After whisking in the Earth Balance at the end of step 9, the saffron cream sauce had the appearance of choux paste before it takes the eggs. An addition of pasta water not called for in the recipe saved the day, sort of. The entire dish, even with the arugula and tomatoes added, had the cloying taste of cashews. I could only eat a few of the tortellini before I had enough.
If I were a dedicated vegan this might be a book that I would want on my shelf. The recipes for soups and salads seem easy and tasty, but many of the dishes require major investments of time. I'd also have to do some nutritional calculations because I felt like I was getting a great deal more fat and calories than I do from my normal, fairly vegetarian diet.
Quinoa, Avocado, and Sweet Potato Timbale with Roasted Tomatillo Dressing
For the quinoa:
1 cup quinoa, cooked in vegetable stock according to package directions and cooled to room temperature
1/2 jalapeno, minced
1 tablespoon minced fresh cilantro
1 tablespoon extra-virgin olive oil
Juice of 1 lime
Salt and freshly ground black pepper to taste
For the sweet potatoes:
1 sweet potato, peeled and cut into a 1/2-inch dice
2 teaspoons extra-virgin olive oil
Sea salt and freshly ground black pepper
For the dressing:
2 tomatillos in olive oil, skins removed
3 tablespoons plus 1 teaspoon olive oil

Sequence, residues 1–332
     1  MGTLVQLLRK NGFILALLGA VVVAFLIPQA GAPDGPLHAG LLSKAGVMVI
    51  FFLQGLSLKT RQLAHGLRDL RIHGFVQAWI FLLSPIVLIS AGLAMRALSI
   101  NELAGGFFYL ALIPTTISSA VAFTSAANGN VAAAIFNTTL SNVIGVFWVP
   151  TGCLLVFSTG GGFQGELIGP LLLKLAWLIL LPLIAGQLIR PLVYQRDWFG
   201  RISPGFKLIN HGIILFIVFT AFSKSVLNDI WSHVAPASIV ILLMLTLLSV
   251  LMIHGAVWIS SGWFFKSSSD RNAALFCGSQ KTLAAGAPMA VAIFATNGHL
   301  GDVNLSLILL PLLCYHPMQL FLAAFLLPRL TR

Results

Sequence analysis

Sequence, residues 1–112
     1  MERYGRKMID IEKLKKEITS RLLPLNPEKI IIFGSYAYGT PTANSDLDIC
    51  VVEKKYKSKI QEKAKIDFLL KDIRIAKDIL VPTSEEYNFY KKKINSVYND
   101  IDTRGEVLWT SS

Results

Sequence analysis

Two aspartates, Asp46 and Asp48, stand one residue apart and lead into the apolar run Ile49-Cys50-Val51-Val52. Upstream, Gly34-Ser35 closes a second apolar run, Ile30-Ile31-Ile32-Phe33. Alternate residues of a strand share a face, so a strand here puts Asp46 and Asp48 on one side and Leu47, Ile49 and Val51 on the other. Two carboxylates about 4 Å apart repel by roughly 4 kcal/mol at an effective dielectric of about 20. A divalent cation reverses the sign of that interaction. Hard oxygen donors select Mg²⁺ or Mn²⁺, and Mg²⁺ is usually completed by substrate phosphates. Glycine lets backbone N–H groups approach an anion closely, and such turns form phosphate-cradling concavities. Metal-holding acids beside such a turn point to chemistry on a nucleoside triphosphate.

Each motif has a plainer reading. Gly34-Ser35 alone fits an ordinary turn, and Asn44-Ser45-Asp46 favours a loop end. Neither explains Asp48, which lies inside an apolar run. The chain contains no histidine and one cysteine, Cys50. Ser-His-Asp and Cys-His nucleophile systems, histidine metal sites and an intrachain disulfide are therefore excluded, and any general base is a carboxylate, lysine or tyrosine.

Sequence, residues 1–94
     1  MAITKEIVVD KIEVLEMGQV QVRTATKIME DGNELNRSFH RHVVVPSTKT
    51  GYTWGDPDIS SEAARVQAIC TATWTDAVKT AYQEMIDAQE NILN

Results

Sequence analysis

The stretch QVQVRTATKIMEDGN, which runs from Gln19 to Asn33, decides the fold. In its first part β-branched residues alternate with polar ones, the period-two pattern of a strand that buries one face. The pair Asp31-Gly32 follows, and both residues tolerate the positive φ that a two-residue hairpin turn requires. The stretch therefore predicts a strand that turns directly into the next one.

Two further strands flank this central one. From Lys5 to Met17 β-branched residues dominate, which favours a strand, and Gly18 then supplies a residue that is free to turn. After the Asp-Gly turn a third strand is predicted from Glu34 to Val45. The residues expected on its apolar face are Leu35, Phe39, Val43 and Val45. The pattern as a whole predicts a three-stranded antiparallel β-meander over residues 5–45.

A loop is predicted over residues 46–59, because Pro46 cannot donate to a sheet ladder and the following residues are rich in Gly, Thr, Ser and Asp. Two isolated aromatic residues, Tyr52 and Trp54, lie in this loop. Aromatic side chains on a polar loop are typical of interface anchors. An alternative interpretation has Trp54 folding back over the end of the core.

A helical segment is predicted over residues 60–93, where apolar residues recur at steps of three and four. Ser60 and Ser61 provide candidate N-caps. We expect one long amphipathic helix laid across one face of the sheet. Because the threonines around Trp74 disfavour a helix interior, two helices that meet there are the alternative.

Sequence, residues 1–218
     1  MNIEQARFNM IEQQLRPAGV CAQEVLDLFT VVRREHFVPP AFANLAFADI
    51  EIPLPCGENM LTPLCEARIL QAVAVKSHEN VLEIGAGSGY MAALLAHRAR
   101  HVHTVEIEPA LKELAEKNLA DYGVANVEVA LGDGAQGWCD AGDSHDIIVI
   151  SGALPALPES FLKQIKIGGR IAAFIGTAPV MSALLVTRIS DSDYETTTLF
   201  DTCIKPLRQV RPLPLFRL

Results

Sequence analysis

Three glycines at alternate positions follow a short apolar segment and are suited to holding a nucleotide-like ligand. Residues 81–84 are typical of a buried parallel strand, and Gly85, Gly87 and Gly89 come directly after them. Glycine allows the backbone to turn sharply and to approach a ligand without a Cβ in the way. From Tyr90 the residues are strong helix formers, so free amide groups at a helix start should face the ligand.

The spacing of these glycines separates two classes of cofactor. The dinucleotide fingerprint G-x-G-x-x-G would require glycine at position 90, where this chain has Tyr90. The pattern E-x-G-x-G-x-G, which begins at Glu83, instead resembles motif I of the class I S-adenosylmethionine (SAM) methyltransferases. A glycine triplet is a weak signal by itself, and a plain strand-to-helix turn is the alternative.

1 tablespoon rice vinegar
1/4 cup chopped fresh cilantro
1 teaspoon light agave nectar
Sea salt and freshly ground black pepper
For the tortilla strips:
2 corn tortillas, cut into 1/4-inch strips
1 teaspoon Cajun seasoning
2 avocados, diced
- Make the quinoa: Place all of the quinoa ingredients in a medium bowl and toss to combine.
- Make the sweet potatoes: Preheat the oven to 400 degrees F. In a small bowl, toss the sweet potatoes with the oil, and season with salt and pepper to taste. Spread in a single layer on a baking sheet and roast for 15 minutes, or until soft in the middle and lightly browned; be careful not to let the sweet potatoes burn.
- Make the dressing: Lower the oven temperature to 350 degrees F. In a small bowl, toss the tomatillos with 1 teaspoon of the oil. Place on a baking sheet and roast for 15 minutes. Transfer to a food processor, add the vinegar, cilantro, and agave nectar, and pulse to combine. With the motor running, pour in the remaining 3 tablespoons oil in a thin stream. Continue blending until emulsified. Season with salt and pepper to taste.
- Make the tortilla strips: Pour 2 inches of oil into a small, heavy pot and heat until the oil shimmers. Add the tortilla strips and fry until crisp and browned, 1 to 2 minutes. Drain on paper towels and sprinkle with the Cajun seasoning.
- Assemble the salads: Place a 3-inch ring mold in the center of one of 4 salad plates. Fill with 1/4 of the quinoa mixture and press down with a spoon to pack the mold, smoothing the top. Place 1/4 of the sweet potato pieces on top of the quinoa and press down gently. Top with 1/4 of the avocado and press down gently. Carefully remove the mold. Repeat with the remaining salad plates.
- Carefully place 2 tortilla strips parallel to each other about 1 inch apart on top of each timbale. Place 2 more tortilla strips perpendicular on top of those. Top the timbales with the microgreens and drizzle the dressing around the timbales.
Makes 4 servings
Prep time: 45 minutes.